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filling-that-last-bench-spot | December | 2010 Articles

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Filling That Last Bench Spot

Written by Joe Lucia on .

I realize I've been talking about the Braves bench a lot. But the thing is, that really is the only thing we can talk about. The bullpen spots will apparently be filled from within, the starting lineup and rotation appear to be set...all that's left is the bench. Let's get a quick recap first. 3 slots on the 5 man bench are filled, by David Ross, Joe Mather, and the recently re-signed Eric Hinske. Hinske and Mather play essentially the same positions, so don't be surprised if Mather spends the year in AAA. 2 slots left on the bench. One of those slots needs to be filled by a middle infielder, and that race is between Diory Hernandez and Brooks Conrad. I'd say Hernandez has the inside track on this spot due to his defense. Conrad's bat is much, much better than Hernandez's, but with his October failures still fresh in fans' minds, Fredi Gonzalez may be more inclined to go with the slick defender instead of the iron gloved boomstick.

That leaves the Braves with one spot on the bench, Its pretty obvious what the team is missing when you look at the current bench, and that is a defensive-minded outfielder that can play centerfield. If Nate McLouth struggles, the Braves are screwed. They need to have someone on the bench that can immediately step in and spell McLouth if he's having platoon split issues. Also, the team needs someone that can step in as a late game defensive replacement if the need arises. There are 2 men on the 40-man roster that could fill this slot, and one guy who's name popped up in trade rumors today that could be an interesting option.

Jordan Schafer. The Braves' former top prospect, and the team's starting center fielder for the first 2 months of 2009, hasn't been fully healthy since the first week of the 2009 season. He broke his wrist after that week, and has been dealing with problems with it ever since. Last season, Schafer spent the year all across the rainbow of Braves' minor league affiliates, and his season was a complete disaster. Over 274 at bats in Rome, Gwinnett, and Mississippi, Schafer put up a ghastly line of .201/.268/.255 with 64 strikeouts, and went 12/22 on the basepaths. That season was a far cry from the 20 year old who blew the doors off of Rome and Myrtle Beach with a line of .312/.374/.513, or the 21 year old who rebounded from an HGH suspension with Mississippi to go for a solid .269/.378/.471. He's going to be a 24 year old for most of the 2011 season, and before the Braves rush him back up to the majors, I think they should let him get his swagger back in Gwinnett and prove that the wrist is fully healthy. If his wrist is good to go, I think he'll be the starting center fielder in 2012, with McLouth's $10.65 million club option looking pretty ugly for the Braves at this point.

Matt Young. Young is a guy who's worked his way up the ladder the hard way, and the next logical step for him is the major leagues. Young spent parts of 2006 to 2009 with Mississippi, and in 2010, he finally got his shot to play the whole year in Gwinnett. I'd say the promotion was a success, as he put together a solid .300/.380/.407 line with a great 39/46 success rate on the bases, and he also walked more than he struck out for the 5th time in 6 seasons. He'll hit for a decent average, walk at a good rate, not strike out a ton, and steals bases an above average clip. Pretty much, he's the perfect fourth outfielder. He's my personal choice to get the final bench spot, because he's worked his ass off since being signed as an undrafted free agent in 2004 out of New Mexico.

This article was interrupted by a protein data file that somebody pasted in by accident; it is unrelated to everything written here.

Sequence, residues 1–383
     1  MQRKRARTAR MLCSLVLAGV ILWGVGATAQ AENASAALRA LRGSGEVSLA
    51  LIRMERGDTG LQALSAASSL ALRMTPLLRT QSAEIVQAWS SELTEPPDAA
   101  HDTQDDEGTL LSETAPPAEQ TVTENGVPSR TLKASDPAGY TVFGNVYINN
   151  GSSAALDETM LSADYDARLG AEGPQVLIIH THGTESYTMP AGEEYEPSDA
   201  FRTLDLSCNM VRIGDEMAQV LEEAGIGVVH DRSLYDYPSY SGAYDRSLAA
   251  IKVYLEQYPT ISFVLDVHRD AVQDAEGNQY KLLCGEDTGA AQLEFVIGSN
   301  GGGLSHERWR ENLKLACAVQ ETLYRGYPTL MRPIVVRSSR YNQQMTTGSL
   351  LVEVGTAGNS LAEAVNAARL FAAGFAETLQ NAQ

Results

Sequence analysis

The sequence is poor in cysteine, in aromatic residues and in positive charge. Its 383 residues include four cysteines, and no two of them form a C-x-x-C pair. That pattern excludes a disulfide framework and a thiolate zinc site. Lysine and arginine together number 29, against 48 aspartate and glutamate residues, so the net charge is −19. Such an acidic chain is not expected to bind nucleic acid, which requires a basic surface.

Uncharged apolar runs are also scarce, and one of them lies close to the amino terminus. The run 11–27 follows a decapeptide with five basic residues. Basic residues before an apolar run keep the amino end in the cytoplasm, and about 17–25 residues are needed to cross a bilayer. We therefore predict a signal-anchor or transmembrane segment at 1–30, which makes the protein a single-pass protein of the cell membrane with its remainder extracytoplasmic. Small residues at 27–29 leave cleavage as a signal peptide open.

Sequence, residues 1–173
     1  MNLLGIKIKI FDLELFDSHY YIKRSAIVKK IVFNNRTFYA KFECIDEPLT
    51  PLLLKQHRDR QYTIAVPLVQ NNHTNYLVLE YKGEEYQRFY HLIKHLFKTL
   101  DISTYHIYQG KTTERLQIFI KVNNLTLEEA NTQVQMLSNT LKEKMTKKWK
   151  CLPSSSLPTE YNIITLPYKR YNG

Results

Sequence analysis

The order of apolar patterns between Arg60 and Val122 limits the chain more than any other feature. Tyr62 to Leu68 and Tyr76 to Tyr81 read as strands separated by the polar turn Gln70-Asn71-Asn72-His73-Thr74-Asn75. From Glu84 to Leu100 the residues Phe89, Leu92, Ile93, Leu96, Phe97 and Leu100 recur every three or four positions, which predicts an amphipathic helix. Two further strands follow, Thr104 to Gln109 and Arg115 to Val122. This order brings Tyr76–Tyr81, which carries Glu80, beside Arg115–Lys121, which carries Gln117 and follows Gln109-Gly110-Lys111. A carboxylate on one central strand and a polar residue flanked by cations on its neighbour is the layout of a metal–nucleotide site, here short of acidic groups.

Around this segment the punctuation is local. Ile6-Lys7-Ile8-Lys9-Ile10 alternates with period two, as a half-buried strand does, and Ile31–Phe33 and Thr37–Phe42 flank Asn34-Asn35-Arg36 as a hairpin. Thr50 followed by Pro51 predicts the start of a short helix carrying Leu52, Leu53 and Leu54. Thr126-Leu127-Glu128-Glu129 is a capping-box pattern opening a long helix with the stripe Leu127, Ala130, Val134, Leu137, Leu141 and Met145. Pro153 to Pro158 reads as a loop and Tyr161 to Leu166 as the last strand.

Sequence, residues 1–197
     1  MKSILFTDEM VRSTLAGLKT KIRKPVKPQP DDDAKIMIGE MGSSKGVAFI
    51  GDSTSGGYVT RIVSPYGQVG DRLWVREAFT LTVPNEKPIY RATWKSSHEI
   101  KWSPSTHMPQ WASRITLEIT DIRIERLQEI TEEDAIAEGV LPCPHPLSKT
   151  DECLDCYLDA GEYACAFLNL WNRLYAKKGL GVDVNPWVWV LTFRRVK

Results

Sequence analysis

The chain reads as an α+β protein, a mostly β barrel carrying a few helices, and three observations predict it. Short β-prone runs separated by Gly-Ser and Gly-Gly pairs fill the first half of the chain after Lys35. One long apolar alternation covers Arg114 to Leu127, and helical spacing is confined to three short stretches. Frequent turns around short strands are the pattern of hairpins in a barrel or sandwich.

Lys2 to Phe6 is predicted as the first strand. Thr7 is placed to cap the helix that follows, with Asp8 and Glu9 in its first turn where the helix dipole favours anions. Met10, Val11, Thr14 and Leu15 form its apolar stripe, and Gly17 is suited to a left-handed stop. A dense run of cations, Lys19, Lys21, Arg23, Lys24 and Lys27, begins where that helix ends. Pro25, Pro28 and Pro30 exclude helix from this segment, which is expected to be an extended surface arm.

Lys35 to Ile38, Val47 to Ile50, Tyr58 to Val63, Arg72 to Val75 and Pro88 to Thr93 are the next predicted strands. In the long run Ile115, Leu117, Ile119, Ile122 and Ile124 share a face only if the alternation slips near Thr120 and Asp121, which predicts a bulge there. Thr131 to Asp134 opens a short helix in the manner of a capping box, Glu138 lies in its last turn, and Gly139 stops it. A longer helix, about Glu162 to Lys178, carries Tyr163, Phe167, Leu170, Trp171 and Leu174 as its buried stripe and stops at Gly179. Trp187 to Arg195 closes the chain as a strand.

Finally, one name that you may not have heard of, but who was linked to the Braves through some tweets this morning.

Lorenzo Cain. Who in the hell is Lorenzo Cain? He was drafted by Milwaukee in 2004, and his career minor league numbers look like a yo-yo's path. In 2005, his OPS was .936. It dipped to .809 in 2006 in his first year in full-season ball. 2007, his OPS dropped again in the FSL, this time to .683. Then, 2008...Cain split the year between the FSL and the Southern League, and his OPS rose to .804. 2009 was a horrible, injury-riddled year for Cain and his OPS fell to a brtual .624. 2010 was Cain's coming out party, as he spent time in AA, AAA and the majors, OPSing .834 in the minors and .763 in the majors. Cain doesn't have great power, but like Young, has above average speed and is efficient on the basepaths. Unlike Young though, Cain strikes out a lot and doesn't walk enough to help balance it out. The Brewers have interest in dealing Cain because their corner outfield spots are spoken for (Corey Hart, Ryan Braun), and center field is apparently still going to belong to Carlos Gomez, he of the fantastic defense and horrible bat skills. The Brewers need young arms, and I'd assume they'd ask for one in return for Cain if they were looking to deal him. I think someone like a Mike Minor or a Brandon Beachy is too high of a price, but that someone like Erik Cordier would be a fair return. Cain will turn 25 2 weeks into the season, so he's younger than Young and has a little more room to grow. Young would probably help the team more now, but Cain could help the team more in the future.
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